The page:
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Univariate Distributions

  • This anecdote about luck and the horseshoe is found in "Bartlett's Book of Anecdotes" (2000: page 68).
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  • March 24, 2009 Activity webinar presented by Nicholas Horton, Smith College, and hosted by Leigh Slauson, Otterbein College. Students have a hard time making the connection between variance and risk. To convey the connection, Foster and Stine (Being Warren Buffett: A Classroom Simulation of Risk and Wealth when Investing in the Stock Market; The American Statistician, 2006, 60:53-60) developed a classroom simulation. In the simulation, groups of students roll three colored dice that determine the success of three "investments". The simulated investments behave quite differently. The value of one remains almost constant, another drifts slowly upward, and the third climbs to extremes or plummets. As the simulation proceeds, some groups have great success with this last investment--they become the "Warren Buffetts" of the class. For most groups, however, this last investment leads to ruin because of variance in its returns. The marked difference in outcomes shows students how hard it is to separate luck from skill. The simulation also demonstrates how portfolios, weighted combinations of investments, reduce the variance. In the simulation, a mixture of two poor investments is surprisingly good. In this webinar, the activity is demonstrated along with a discussion of goals, context, background materials, class handouts, and references (extra materials available for download free of charge)

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  • A sketch by Anastasia Mandel reinterpreting "The Cardsharps" by Michelangelo Merisi da Caravaggio (c. 1594-1596) with the statistical caption "A naive Bayes estimation." This is part of a collection of sketches by Anastasia Mandel and their accompanying statistical captions written by Stan Lipovetsky and Igor Mandel that took first place in the cartoon & art category of the 2009 A-Mu-sing contest sponsored by CAUSE. The collection and their accompanying statistical captions discussed in the paper "How art helps to understand statistics" (Model Assisted Statistics and Applications, 2009) by Stan Lipovetsky and Igor Mandel in volume 4 pages 313-324. Free to use in classrooms and on course websites.
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  • A sketch by Anastasia Mandel reinterpreting "Road Before the Mountains, Sainte-Victoire" by Paul Cezanne (c. 1898-1902) with the statistical caption "Almost normal distribution." This is part of a collection of sketches by Anastasia Mandel and their accompanying statistical captions written by Stan Lipovetsky and Igor Mandel that took first place in the cartoon & art category of the 2009 A-Mu-sing contest sponsored by CAUSE. The collection and their accompanying statistical captions discussed in the paper "How art helps to understand statistics" (Model Assisted Statistics and Applications, 2009) by Stan Lipovetsky and Igor Mandel in volume 4 pages 313-324. Free to use in classrooms and on course websites.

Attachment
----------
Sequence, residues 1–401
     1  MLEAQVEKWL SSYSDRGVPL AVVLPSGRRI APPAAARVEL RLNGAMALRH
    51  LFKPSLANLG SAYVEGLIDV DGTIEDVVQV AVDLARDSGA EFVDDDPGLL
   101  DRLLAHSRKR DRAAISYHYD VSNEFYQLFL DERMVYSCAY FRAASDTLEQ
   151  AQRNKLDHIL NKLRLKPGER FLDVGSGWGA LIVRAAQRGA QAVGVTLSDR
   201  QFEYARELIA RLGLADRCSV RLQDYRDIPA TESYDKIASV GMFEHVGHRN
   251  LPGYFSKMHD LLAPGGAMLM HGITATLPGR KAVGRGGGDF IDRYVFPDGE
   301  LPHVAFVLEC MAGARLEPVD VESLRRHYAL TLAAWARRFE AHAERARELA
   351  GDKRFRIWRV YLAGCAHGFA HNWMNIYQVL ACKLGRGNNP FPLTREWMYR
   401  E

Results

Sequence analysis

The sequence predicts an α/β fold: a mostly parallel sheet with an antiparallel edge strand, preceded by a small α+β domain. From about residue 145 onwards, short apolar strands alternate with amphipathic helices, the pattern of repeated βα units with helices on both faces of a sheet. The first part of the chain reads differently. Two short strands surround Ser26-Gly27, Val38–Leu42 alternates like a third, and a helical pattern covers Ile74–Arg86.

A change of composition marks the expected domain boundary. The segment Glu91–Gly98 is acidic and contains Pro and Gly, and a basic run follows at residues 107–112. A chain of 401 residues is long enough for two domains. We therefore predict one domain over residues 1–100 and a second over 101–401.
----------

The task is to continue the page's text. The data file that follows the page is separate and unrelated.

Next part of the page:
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  • A sketch by Anastasia Mandel reinterpreting "Mont Sainte-Victoire" by Paul Cezanne (1898) with the statistical caption "A skewed distribution, but the same mountain (always look at things from different angles)." This is part of a collection of sketches by Anastasia Mandel and their accompanying statistical captions written by Stan Lipovetsky and Igor Mandel that took first place in the cartoon & art category of the 2009 A-Mu-sing contest sponsored by CAUSE. The collection and their accompanying statistical captions discussed in the paper "How art helps to understand statistics" (Model Assisted Statistics and Applications, 2009) by Stan Lipovetsky and Igor Mandel in volume 4 pages 313-324. Free to use in classrooms and on course websites.
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  • A cartoon suitable for use in teaching about time series plots. The cartoon is number 252 from the webcomic series at xkcd.com created by Randall Munroe. Free to use in the classroom and on course web sites under a creative commons attribution-non-commercial 2.5 license.

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  • Normality is a myth; there never has, and never will be, a normal distribution. A quote by Irish statistician and econometrician Roy C. Geary (1896 - 1983) found in "Biometrika" volume 34, 1947, page 241.

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  • This limerick was written by Columbia University professor of biostatistics, Joseph L. Fleiss (1938 -2003). It was published along with three other limericks by Dr. Fleiss in a letter to the editor of "The American Statistician" (volume 2; 1967, page 49). It was written while he worked as a biostatistician at the Department of Mental Hygiene of the State of New York just prior to receiving his Ph.D. and joining the faculty at Columbia.
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  • A cartoon for general use with discussions of election polls. Cartoon by John Landers (www.landers.co.uk) based on an idea from Steve MacEachern (The Ohio State University). Free to use in the classroom and on course web sites.
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  • A cartoon to teach about how researchers usually hope to find differences between treatment and control (or do they?). Cartoon by John Landers (www.landers.co.uk) based on an idea from Dennis Pearl (The Ohio State University). Free to use in the classroom and on course web sites.
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